Entertainment Magazine

Turbo Charged

Posted on the 17 May 2015 by Sjhoneywell
Film: Mad Max: Fury Road
Format: Carmike Market Square Theater. Turbo Charged

I knew that I’d be seeing Mad Max: Fury Road in the theater. When I found out that men’s rights activists, the misogynist clods who complain that men are discriminated against in a male-dominated society hated this movie because of the prominent roles of women and pro-women plot elements, well, I knew I had to go on opening weekend. I’m a long-time Mad Max fan. I saw The Road Warrior in the theater at the tender age of 13. And when the reviews started coming in, I knew this was going to be the film I had to see if I saw no others for the rest of the summer.

So let’s get through the plot nice and quickly here. Max Rockatansky (Tom Hardy) lives in a blasted post-apocalyptic wasteland. He is captured by the War Boys, the military arm of a place called The Citadel, run by Immortan Joe (Hugh Keays-Byrne). Designated as a universal blood donor, Max is used as a way to get injured and sick War Boys back into battle. Meanwhile, one of Immortan Joe’s main assistants, Imperator Furiosa (Charlize Theron) has headed off to bring more gas back to the citadel. But this is not her plan; instead, she’s running away with Immortan Joe’s five wives (Zoe Kravitz, Rosie Huntington-Whiteley, Riley Keough, Abbey Lee, and Courtney Eaton) to get them away from him. So Joe rounds up the troops, including Nux (Nicholas Hoult), a war boy who is using Max for a transfusion. To keep going, he straps Max to the front of his vehicle, and the chase begins.

One chase and massive sandstorm later, Max has gotten himself detached from Nux and has joined Furiosa and the wives. Nux rejoins the pursuing group, which soon becomes three groups—that of Immortan Joe and those of Joe’s nearby allies, Gas Town and the Bullet Farm. And, as was the hope of action movie fans the world over, pretty much the rest of the film consists of chases punctuated with high speed battles between Furiosa, Max, and the wives and everybody who is trying to stop them. And the wildcard in all of this is Nux, who seems to always pop up in one place or another.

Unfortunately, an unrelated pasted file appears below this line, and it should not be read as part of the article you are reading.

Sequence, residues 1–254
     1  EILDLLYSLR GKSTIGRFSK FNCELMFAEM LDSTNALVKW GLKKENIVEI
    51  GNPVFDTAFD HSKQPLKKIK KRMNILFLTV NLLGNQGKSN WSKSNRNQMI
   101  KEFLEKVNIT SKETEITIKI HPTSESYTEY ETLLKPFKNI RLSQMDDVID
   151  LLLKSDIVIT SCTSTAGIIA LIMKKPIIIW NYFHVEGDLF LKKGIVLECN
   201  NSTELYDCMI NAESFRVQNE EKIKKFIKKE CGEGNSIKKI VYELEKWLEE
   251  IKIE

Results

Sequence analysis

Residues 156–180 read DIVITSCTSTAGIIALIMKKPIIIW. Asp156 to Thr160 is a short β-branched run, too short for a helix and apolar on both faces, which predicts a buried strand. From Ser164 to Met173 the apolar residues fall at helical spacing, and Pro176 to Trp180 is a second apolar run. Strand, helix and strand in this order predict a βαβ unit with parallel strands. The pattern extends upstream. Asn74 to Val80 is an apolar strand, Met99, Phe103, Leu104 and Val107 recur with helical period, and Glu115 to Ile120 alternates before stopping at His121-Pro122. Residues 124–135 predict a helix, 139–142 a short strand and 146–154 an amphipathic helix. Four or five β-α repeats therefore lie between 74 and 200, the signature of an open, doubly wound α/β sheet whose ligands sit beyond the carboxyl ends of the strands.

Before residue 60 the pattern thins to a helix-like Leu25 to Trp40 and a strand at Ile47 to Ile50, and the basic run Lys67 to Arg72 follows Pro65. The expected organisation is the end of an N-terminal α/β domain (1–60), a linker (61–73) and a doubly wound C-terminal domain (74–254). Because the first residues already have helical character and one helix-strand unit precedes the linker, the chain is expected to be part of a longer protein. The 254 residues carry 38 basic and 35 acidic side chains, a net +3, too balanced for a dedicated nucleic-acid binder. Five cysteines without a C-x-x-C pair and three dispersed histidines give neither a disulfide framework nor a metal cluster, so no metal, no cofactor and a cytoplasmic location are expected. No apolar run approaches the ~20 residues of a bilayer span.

So let’s talk about what Mad Max: Fury Road gets right. First and foremost, this is all about the action. Certainly there are places where we get a few quiet moments (we need those. Even Black Hawk Down has a couple of quiet places), but the movie more or less pressed down on the accelerator and keeps it pressed until just before the final credits come up. This is how you do an action movie. What we in the audience want is not a couple of great action sequences but a lot of them, and we want them to get bigger and wilder and crazier. The pursuit and battle sequences here are in the same vein as The Road Warrior but are amped up for a modern audience.

Another thing that the movie gets right is the mythology. The Citadel is a world with three basic social classes. There are the people who live there who are entirely dependent on Immortan Joe and his occasional gift of water to the people. Above them are the War Boys, Joe’s army of insane warriors who fight with religious fervor. At the top is Joe himself and others who are more or less in a class of nobility. It’s the religious fervor that is fascinating here. The War Boys fight with no concern for their own safety because they have been filled with a religious view that Immortan Joe will lead them all into Valhalla. It explains a lot of their behavior and actually works as religious myth—one of the few things done right and similarly in the otherwise regrettable Mad Max Beyond Thunderdome.